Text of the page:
OIL BARS: Digging the Flower Bed


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OIL BARS: Digging the Flower Bed 6 x 9" Canson oil paper smooth(er) side, Kama Oil sticks, an oil strip pencil, and a bit of sap green WN bar. The Kama are hard, and for me, hard to work with, but the WNs are too big for me on this size surface. I haven't used either, so don't have good understanding or control. I had trouble layering the Kama's, too. C&C welcome, thanks for looking.

I was just going to comment on the gouache work (which is charming), when I read you had an oil bar version. I love this! Wonderful marks in the foreground texture, and beautiful touches of yellow - particularly on the hair. The only harder sticks I have are a few Senneliers, and I'm pretty useless with them. Seeing how you've achieved such an appealing drawn feel here makes me want to give them another try! So glad you got your oil sticks out & shared this, hope you'll keep playing with them.
Nice little depiction of yard work. I was wondering, are these things like crayon .. it gives off a crayon look in the picture. Not that crayon is bad. I just don't know what all these things are as I stick mostly with oils.
Triss, thanks. The Kama (made in Canada) and the Shiva (USA I think) are hard. Too hard for me to enjoy. I finally held one under an incandescent bulb a few seconds, which seemed to help. Your R&F I think, are the top grade, along with Sennelier, but from what I've read, handle differently. Mine are the Winsor Newton Oil Bars, not as soft as the other two, but less expensive. You can use your fingers or a brush, etc, with those two lipstick-soft ones, I can use fingers, knife, brush with the WN. I think yours are probably more easily spreadable, maybe with a "heavy hand" they fill the weave-holes in the paper/canvas better.
With the Kama, I finally picked up a chunk of paraffin wax that I had at hand and covered that paper surface. If I'd had a white candle, the candle wax might have been a better choice. I'll post a couple more I did with just the WNs, no surface prep. Again, these were a few years ago, and I haven't done anything with them since. The Kama were a later addition, and this is the first attempt with them.

Wayne, I understand. I stick with oils generally, but I just got a drawing area set up:rolleyes:. Sticks, bars, etc, crayon or pencil shaped. These have many qualities of tube paint, just (I think) with wax to keep the shape. They come, as you read, in different hardness, and sometimes in smaller or larger sizes. Meant to enable the artist to work directly with the medium, rather than holding a brush or knife. You might enjoy a softer brand. WN might be soft enough for you.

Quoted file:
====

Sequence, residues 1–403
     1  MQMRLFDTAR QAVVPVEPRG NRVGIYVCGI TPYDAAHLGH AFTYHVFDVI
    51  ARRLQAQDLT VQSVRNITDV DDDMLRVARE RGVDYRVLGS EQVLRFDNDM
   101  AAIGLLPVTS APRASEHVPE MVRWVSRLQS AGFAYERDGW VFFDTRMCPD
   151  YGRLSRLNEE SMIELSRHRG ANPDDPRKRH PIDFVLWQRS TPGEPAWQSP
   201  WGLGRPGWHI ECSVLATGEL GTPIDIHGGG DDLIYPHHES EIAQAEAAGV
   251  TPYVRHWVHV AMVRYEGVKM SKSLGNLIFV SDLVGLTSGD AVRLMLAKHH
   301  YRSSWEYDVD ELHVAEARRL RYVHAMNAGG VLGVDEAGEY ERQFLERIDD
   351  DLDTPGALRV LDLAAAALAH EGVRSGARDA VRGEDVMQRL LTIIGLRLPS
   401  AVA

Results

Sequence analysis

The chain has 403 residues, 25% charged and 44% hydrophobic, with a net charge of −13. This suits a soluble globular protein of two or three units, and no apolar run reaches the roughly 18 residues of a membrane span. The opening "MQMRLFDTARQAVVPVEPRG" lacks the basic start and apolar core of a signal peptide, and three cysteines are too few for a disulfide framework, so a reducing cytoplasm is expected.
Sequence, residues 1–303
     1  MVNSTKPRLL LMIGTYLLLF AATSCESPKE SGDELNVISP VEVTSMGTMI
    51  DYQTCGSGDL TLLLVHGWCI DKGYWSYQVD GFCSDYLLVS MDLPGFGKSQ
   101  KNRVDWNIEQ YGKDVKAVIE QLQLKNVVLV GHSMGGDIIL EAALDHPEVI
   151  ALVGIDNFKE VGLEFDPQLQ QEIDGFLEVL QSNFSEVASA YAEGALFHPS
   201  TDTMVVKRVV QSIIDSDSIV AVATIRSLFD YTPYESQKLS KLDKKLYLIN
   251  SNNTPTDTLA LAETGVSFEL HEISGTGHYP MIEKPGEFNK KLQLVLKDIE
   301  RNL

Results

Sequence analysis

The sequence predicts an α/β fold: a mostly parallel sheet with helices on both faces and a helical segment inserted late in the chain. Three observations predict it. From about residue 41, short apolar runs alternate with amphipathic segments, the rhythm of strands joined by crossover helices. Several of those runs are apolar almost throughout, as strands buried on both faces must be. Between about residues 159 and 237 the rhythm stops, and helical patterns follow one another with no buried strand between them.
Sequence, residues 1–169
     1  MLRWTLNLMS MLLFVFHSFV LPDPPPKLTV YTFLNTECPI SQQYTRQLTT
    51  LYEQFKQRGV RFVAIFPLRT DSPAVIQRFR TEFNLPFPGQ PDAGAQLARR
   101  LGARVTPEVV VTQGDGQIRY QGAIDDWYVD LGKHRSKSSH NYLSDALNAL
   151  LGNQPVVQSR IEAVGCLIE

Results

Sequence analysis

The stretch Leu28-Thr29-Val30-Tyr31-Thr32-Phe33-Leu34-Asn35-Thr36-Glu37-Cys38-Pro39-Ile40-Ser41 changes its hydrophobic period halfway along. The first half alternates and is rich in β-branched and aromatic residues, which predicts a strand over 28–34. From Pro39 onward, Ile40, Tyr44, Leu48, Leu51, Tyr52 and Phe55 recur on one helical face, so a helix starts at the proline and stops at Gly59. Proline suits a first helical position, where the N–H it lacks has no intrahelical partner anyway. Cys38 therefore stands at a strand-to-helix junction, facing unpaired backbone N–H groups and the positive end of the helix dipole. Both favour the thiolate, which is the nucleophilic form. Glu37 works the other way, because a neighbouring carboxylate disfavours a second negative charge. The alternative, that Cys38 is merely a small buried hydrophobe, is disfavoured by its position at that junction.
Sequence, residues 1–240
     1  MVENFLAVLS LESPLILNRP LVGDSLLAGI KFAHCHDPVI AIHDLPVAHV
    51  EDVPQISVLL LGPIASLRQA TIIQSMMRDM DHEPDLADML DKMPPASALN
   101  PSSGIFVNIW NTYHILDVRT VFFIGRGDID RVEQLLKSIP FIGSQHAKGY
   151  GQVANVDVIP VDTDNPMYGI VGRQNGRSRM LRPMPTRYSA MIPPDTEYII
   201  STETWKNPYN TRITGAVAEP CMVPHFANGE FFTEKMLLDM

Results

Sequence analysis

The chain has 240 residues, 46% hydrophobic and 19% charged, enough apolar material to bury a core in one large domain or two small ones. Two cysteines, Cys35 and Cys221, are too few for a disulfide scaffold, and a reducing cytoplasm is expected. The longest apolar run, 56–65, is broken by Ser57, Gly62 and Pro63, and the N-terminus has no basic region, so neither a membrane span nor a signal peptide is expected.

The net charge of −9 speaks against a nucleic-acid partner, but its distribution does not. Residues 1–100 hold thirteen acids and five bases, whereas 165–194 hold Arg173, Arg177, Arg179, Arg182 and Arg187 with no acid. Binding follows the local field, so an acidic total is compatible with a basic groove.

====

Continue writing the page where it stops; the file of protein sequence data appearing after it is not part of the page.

ntl, nice textures in many areas in this painting. The subject matter "Digging the flower bed" is a clever one. You have lots of imagination for what to paint! Oil bars sound like fun, I only know oil pastels
I think you would have a lot more control if you had a bigger surface to work on, but this is just a suggestion. Even if you had thinner sticks (which easily break because they are so soft--and a mess), I think the bigger the surface might be better, as it could be easier to blend colors and making the shapes more defined. What do you think?

You can also dip a small brush in Liquin and make some parts fluid if they get too heavy in parts.

I still think this is lovely though. :)
moscatel, thanks so much. Oil bars are somewhat different from the oil pastels, but being comfortable with one, you might enjoy the bars/sticks. Here's an explanation: https://www.jacksonsart.com/blog/2019/05/16/oil-stick-vs-oil-pastel/

Arty, thanks. You're right, the larger surface would be much better (for me). I am going to post an older one or two soon. I spent the last hour (almost) finishing an oil paint study that I will post. And thank you
Thanks for so much extra info about how you've been working with your sticks, ntl. The Kama sticks sound challenging and I think I'd end up fighting too much with them and getting frustrated (and I already have enough of that with oil pastels!), but your experimentation has given me some ideas to try with the Senneliers.

I hadn't noticed your paper size until Arty mentioned it. That's tiny to me, and I'm sure it must have been tricky to work on. I hope you can find a size/surface that suits the Kama sticks, as you definitely have a look here that would be great to develop.

Wayne - Oil sticks, for me, are just a different way of getting oil paint on paper - I'm happier drawing with a stick than working with a brush or knife.
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